# COMP 202: Principles of Object-Oriented Programming II

Dictionaries &amp; Hashing

## Dictionary

A major theme in computing is the theme of storage/retrieval/removal: store data somewhere so that it can later be retrieved and discarded if no longer needed, all of this in the most efficient manner.  The abstraction of these computing activities is embodied in the notion of what is called a dictionary, expressed in Java as an interface as follows.

IDictionay is an example what we call an unrestricted  access container (as opposed to restricted access container).  A simple way to implement IDictionary is to use an LRStruct.

The problem with such an implementation is that each of the operations, insert, lookup and remove takes O(N) time, where N is the total number of elements in the dictionary.  Using a self-balanced tree will guarantee O(logN) time.

Can we do better than that?  The answer is yes and no.  With an data structure called "hash table" coupled with an appropriate "hash function", we can achieve an amortized performance of O(1), that is constant time!

## Hash Tables and Hash Functions

### Hash Tables

• A hash table is a generalization of an ordinary array.
• When the number of keys actually stored is small relative to the total number of possible keys, hash tables become an effective alternative to directly addressing an array, since a hash table typically uses an array of size proportional to the number of keys actually stored.
• Instead of using the key as an array index directly, the array index is computed from the key.
• With hashing, an element with key k is stored in slot h(k); i.e., a hash function h is used to compute the slot from the key k.
• h maps the set U of keys into the slots of a hash table T[0..m-1]:
• h:U -> {0, 1, ..., m - 1}

### The Problem: Collisions

• Two keys may hash to the same slot.  This is called a collision.  Because |U|>m, collisions are unavoidable.
• To avoid collisions, h should appear ``random'', i.e., adjacent keys should not hash to adjacent slots.
• To cope with collisions, the simplest method is chaining.

### Chaining

• In chaining, we put all the elements that hash to the same slot in a linked list, i.e., slot j contains a reference to the head of the list of all stored elements that hash to j; if there are no such elements, slot j contains an empty list.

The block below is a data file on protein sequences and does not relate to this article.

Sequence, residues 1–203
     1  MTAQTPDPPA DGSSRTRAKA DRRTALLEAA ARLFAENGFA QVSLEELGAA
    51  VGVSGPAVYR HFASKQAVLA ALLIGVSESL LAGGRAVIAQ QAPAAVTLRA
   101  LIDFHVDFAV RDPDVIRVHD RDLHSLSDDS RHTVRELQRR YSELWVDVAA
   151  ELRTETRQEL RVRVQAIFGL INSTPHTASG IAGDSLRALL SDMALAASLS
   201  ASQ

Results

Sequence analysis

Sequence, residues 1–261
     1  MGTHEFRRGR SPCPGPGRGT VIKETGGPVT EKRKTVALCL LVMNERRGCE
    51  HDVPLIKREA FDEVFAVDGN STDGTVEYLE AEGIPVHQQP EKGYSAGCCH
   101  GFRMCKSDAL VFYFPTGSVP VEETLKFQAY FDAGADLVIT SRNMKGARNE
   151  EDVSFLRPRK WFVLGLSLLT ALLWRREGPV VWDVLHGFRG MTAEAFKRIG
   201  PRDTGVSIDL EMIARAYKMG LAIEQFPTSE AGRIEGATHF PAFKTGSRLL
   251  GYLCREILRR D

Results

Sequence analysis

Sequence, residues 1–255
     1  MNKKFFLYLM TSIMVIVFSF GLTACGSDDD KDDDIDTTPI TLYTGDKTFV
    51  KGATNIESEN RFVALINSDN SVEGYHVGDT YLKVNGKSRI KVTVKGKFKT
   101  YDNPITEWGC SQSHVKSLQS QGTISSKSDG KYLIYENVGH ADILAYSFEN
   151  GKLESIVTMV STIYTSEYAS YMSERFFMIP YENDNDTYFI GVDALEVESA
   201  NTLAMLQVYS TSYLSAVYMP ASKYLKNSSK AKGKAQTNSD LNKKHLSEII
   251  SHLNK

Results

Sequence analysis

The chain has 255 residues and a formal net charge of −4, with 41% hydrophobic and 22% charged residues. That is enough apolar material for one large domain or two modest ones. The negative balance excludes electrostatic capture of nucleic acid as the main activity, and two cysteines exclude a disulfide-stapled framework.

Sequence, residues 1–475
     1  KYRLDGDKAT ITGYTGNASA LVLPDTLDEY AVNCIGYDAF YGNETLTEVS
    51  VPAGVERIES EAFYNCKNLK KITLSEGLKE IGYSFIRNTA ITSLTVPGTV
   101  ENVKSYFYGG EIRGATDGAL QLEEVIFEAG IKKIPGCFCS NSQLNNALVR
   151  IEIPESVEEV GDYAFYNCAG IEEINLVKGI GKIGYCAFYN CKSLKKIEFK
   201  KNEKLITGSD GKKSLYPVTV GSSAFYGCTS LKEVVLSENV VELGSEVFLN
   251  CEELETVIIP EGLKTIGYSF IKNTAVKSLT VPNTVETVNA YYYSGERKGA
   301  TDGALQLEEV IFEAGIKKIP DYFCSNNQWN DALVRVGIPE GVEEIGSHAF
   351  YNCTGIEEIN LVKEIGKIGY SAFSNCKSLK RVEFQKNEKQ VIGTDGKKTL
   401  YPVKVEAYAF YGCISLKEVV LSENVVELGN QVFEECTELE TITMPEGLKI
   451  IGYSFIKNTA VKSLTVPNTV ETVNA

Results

• To insert an element, we simply put it at the front of the list.  So, the worst case running time is O(1).
• To lookup an element, we search the list belonging to the slot for the corresponding key.  So, the worst case running time is proportional to the length of the list.
• Removal is identical to lookup.

### Performance

• Given a hash table with m slots that stores n elements, we define the load factor alpha as n/m, i.e., the average number of elements in a chain.
• The worst case behavior of hashing with chaining is O(n): All n keys hash to the same slot, creating a list of length n.
• The expected case behavior depends on how well the hash function distributes the set of keys to be stored among the m slots, on average.  We will assume that
1. any given element is equally likely to hash into any of the m slots and
2. the hash value can be computed in O(1) time.  Then the expected case search time is O(1+alpha).
• If the number of hash table slots is at least proportional to the number of elements in the table, we have n=O(m) and consequently, alpha = n/m = O(m)/m = O(1).  Thus, searching takes constant time on average.

### Hash Table Implementations

•  The Java Collection Framework provided by Java SDK, includes an "industrial strength" implementation of the hash table data structure called HashTable.
• Below is our own implementation of hash tables.  One of the main differences between the Sun's version and ours is the our elements() method returns an IList, while the Sun's hash table returns an Enumeration.  By returning an IList, we can process our hash table using visitors, while with an Enumeration, one will have to write loops to do the processing.  The choice is yours!
Dictionaries &amp; Hashing

URL: http://www.cs.rice.edu/teaching/202/08-fall/lectures/hash/index.shtml